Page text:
The “dead issue” is brought back to life yet again by some Muslim clerics who issued a fatwa against the recital of Vande Mataram by Muslims. In response, Hindu hard-liners retorted that those who refuse to sing the national song should go to Pakistan.
Two connected but fundamentally different claims are made here: (1) that Vande Mataram is un-Islamic, and (2) that refusal to sing Vande Mataram is unpatriotic. While the former is induced by religion, the latter has national chauvinism written all over it.
We certainly can’t deny the communal and political motives behind such claims, but the falsity of the second claim deems the first one almost irrelevant. In a just and liberal society no one should be forced to sing a song, be it national song or national anthem. If I, for example, find Vande Mataram offensive for religious, personal, ethical or any other reason, I should have freedom to deny its recital.
As Amit Varma has argued in a compelling blog post (link), there are two types of patriotism: one is primarily driven by love, and the other from pride and self-esteem. The first type of patriot doesn’t impose his own love and reverence (for the country) on others. While the second type of patriot demands everyone else to share his fervor and passion. A love-driven patriot may feel bad if others don’t share his feeling, but unlike a pride-driven patriot he wouldn’t get offended by that. Symbolism (like national anthem, flag etc.) and display are very important to the pride-driven patriotism. But they don’t mean much to the love-driven patriot, who adores the real things (like food, culture and music) as opposed to symbols that represent them.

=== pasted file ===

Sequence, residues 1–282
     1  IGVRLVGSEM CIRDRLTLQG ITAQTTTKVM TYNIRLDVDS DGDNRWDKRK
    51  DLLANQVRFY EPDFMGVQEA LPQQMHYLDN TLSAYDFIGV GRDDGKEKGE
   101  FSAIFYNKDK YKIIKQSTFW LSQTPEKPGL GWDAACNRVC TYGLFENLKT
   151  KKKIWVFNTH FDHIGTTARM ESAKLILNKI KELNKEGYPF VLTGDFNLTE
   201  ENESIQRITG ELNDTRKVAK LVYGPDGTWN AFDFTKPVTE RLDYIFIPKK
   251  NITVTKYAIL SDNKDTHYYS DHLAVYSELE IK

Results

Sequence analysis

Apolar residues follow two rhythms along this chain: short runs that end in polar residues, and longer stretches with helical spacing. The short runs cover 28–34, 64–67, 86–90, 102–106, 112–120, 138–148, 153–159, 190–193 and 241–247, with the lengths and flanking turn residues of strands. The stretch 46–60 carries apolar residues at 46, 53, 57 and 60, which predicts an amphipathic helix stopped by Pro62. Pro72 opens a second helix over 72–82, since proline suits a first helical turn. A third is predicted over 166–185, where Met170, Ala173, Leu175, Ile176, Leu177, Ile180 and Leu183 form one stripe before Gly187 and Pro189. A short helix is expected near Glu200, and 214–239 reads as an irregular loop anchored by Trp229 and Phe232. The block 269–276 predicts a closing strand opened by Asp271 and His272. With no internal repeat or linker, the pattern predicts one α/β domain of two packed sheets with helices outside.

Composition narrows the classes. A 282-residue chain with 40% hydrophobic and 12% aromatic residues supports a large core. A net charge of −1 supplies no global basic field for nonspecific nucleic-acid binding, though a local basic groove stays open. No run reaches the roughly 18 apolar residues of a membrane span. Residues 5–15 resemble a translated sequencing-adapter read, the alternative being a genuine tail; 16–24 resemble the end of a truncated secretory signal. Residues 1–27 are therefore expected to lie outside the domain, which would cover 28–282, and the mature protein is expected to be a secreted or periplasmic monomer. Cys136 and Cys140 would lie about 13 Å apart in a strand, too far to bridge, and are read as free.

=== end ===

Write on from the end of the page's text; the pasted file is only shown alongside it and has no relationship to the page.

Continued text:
The other concern that this event raises is about the vices of an unbridled democracy. There is a detailed discussion in Fareed Zakaria’s illuminating book The Future of Freedom about this. The first source of abuse in a democratic society comes from the government, and the second source comes from the people themselves. The will of majority can easily transform into tyranny of majority. The will of majority is important, even crucial to a democratic system, but so is the protection of minority’s rights. Democracy is surely a good system, but too much of a good thing can be bad sometimes.
[See my earlier related post: Talibanization of India]
Clarification: It might appear from my post above that I am implicitly approving the fatwa declared by the cleric. I am not. What I am defending is: liberty. If one doesn’t want to sing Vande Mataram, he should not be forced to sing. And same way, if a muslim wants to sing Vande Mataram then he should be allowed to do so as well.
For the interested reader, here’s good summary of issues and controversies surrounding Vande Mataram.